Last week the Fair Work Commission (FWC) published two contrasting decisions regarding applications to reduce the amount of redundancy pay due to incapacity to pay, the first two of their kind since the COVID-19 pandemic.
Section 120 of the Fair Work Act allows the FWC to reduce the amount of redundancy pay (including to nil) if the employer cannot pay the amount.
Employer allowed to reduce redundancy pay
The first decision concerned Mason Architectural Joinery, a small business employer, who sought permission to reduce an employee’s redundancy pay from 7 weeks to 1 week because it could not afford to pay the full entitlement.
Commissioner McKinnon calculated the former employee to be out of work and unpaid for only 8 days due to the redundancy of his position as he started another job with a $2 per hour pay rise 8 days after the termination date.
At the time of the hearing, the situation for Mason Joinery had improved slightly since the termination of the employee’s employment and after having received no business income for two months, it had received one payment for a completed job and was hopeful of two new contracts coming through. It was still finishing pre-booked jobs although two had been lost due to the COVID-19 pandemic. Commissioner McKinnon was satisfied the employer was under such significant financial strain that it could not afford to pay the full entitlement and reduced the amount of redundancy pay to 1 week’s salary.
Finding in the employer’s favour the Commissioner noted,
“The business is trying to work through the current crisis and much depends on how long the situation lasts. I am satisfied that Mason Joinery is under significant financial strain and that it cannot afford to pay Mr Grant’s full entitlement to redundancy pay”.1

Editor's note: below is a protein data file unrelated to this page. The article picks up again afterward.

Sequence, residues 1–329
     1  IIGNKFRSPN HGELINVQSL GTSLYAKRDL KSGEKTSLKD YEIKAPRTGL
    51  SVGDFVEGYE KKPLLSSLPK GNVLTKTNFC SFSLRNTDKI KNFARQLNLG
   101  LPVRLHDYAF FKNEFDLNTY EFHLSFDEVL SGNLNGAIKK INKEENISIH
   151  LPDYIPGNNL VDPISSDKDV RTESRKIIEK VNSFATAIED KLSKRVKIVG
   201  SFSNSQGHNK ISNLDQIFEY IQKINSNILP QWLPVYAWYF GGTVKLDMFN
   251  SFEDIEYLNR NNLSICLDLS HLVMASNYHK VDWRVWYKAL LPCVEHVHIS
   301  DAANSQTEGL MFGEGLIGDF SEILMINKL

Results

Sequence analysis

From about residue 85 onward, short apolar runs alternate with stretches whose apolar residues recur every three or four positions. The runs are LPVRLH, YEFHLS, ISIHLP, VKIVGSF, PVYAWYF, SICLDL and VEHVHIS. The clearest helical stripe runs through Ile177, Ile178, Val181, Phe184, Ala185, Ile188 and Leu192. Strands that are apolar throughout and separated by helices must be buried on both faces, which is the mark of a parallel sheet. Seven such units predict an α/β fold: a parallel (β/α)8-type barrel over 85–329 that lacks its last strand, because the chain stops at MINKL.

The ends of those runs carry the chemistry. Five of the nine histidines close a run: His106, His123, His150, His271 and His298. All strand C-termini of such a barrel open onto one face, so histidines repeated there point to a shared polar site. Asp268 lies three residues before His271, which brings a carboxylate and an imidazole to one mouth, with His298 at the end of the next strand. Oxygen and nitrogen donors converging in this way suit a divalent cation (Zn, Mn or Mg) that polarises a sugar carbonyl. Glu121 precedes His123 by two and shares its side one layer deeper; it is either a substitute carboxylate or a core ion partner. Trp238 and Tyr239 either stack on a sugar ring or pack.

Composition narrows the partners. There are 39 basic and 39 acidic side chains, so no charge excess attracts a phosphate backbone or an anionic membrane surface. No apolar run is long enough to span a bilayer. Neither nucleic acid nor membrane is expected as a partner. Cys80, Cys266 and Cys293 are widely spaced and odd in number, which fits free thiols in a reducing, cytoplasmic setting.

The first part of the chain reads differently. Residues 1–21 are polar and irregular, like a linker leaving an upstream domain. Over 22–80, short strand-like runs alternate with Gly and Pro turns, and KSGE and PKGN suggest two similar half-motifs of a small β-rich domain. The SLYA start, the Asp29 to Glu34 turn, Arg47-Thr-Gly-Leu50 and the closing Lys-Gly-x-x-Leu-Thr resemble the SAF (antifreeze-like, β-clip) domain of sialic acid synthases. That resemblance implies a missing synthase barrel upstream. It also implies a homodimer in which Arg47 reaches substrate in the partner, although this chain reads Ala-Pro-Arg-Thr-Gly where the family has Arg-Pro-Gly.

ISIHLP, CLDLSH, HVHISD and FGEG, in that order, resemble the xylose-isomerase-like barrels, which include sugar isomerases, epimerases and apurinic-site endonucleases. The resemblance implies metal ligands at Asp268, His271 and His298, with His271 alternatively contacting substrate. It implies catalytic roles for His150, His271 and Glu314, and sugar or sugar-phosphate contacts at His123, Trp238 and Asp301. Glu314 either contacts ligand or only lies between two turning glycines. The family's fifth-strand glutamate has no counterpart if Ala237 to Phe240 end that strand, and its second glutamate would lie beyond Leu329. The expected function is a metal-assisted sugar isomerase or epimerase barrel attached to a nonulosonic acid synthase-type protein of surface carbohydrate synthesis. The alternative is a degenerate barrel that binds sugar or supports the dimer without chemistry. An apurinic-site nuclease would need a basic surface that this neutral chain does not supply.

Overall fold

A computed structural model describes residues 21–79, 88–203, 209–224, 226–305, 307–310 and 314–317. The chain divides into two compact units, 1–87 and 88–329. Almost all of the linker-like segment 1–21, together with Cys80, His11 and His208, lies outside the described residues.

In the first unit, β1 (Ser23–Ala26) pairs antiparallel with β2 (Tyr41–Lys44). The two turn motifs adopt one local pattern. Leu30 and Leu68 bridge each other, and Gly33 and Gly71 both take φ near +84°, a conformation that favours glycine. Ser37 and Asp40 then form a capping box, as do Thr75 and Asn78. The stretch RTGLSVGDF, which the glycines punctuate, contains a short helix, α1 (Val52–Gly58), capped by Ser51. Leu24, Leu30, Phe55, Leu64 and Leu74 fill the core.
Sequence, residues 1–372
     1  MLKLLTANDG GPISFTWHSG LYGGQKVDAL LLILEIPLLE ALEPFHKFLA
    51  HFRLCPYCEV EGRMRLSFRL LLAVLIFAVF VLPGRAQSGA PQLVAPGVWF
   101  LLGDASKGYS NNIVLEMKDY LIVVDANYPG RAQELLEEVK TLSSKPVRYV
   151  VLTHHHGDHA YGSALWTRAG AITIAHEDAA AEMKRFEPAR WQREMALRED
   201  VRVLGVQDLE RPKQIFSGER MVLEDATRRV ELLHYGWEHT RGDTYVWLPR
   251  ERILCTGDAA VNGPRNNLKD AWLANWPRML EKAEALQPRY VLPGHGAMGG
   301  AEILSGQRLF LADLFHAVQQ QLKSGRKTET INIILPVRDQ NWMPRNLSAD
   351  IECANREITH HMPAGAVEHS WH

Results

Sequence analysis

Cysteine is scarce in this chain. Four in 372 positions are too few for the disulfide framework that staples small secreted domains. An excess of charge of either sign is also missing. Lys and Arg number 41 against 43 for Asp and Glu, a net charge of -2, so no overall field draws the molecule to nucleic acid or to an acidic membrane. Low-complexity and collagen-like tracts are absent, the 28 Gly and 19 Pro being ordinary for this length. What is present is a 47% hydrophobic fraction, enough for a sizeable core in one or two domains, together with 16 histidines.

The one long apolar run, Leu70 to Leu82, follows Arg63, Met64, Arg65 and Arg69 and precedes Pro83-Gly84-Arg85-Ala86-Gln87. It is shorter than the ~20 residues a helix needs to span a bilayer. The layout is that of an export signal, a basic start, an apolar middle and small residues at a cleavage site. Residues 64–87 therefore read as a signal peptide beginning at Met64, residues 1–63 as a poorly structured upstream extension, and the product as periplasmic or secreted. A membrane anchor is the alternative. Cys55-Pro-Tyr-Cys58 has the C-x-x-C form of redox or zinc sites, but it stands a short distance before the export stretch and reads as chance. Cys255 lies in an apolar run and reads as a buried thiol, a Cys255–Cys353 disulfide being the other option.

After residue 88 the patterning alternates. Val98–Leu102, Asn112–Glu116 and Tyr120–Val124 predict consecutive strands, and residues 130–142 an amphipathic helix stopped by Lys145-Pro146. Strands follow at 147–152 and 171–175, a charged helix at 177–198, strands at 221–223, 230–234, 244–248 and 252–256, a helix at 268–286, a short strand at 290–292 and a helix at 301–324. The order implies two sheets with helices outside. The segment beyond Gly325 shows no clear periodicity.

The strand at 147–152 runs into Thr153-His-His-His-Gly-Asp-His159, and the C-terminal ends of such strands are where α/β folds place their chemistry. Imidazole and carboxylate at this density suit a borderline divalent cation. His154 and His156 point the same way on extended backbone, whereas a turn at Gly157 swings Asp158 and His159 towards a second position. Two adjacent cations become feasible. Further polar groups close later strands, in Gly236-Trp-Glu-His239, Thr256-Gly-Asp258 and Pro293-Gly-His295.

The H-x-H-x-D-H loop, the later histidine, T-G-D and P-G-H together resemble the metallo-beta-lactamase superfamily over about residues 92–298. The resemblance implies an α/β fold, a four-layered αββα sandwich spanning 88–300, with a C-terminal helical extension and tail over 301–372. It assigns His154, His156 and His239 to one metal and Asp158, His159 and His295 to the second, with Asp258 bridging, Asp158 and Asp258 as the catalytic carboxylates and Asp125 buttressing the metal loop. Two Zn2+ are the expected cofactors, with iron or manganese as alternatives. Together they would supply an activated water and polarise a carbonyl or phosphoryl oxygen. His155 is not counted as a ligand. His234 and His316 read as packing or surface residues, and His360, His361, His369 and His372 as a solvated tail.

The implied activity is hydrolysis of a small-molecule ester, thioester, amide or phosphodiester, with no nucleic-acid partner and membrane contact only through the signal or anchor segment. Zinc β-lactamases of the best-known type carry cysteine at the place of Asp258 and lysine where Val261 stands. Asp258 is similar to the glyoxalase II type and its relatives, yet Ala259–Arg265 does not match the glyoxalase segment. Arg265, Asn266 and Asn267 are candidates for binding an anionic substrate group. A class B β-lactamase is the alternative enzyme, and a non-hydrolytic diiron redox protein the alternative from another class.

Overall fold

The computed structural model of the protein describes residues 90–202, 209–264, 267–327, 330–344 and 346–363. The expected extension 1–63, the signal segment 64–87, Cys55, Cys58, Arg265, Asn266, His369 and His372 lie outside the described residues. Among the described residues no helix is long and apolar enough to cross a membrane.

Employer not permitted to reduce redundancy pay
In the second decision, Worthington Industries2, a manufacturer, made applications to reduce the amount of redundancy pay for three employees from 4 weeks’ pay to one. The employer made the employees redundant because of a reduction in production output due to competition and COVID-19. The employer asserted that based on customer advice and public announcements, they anticipated their sales will drop by up to 50% over the coming months.
Although the employer claimed that paying the full entitlement to the employees would cause financial hardship, Deputy President Clancy was satisfied the employer currently had the means to pay the full entitlements and would likely be eligible for the JobKeeper payments. Indeed the employer conceded that it currently had the means to pay the full amount and had money in the bank today to do so, (albeit submitting that it would be dealing with a deficit and cash flow problems in the coming weeks). It was this concession that resulted in the employer’s applications being ultimately rejected, and the employees remaining entitled to 4 weeks’ redundancy pay.
The Mason Joinery decision is the first time the FWC has reduced redundancy pay since the COVID-19 pandemic. Although the outcome was in direct contrast to the Worthington Industries decision, the decisions indicate that if an employer currently has the means to pay redundancy payments, it is expected to do so. Projections of future loss in earnings will not be enough to establish that the employer does not have the capacity to pay.
Although it is expected that more employers will make s 120 applications to the FWC as the economic effects of the pandemic worsen, the Government has urged eligible businesses to apply for the JobKeeper subsidy to keep employees employed rather than making them redundant.
If you have any questions regarding your obligations to your employees in the wake of COVID-19, including any advice on redundancies or a s 120 application, please get in touch with McCabe Curwood’s Employment group.
1 Application by Mason Architectural Joinery  FWC 1897, -.
2 Application by Worthington Industries Pty Ltd  FWC 1912.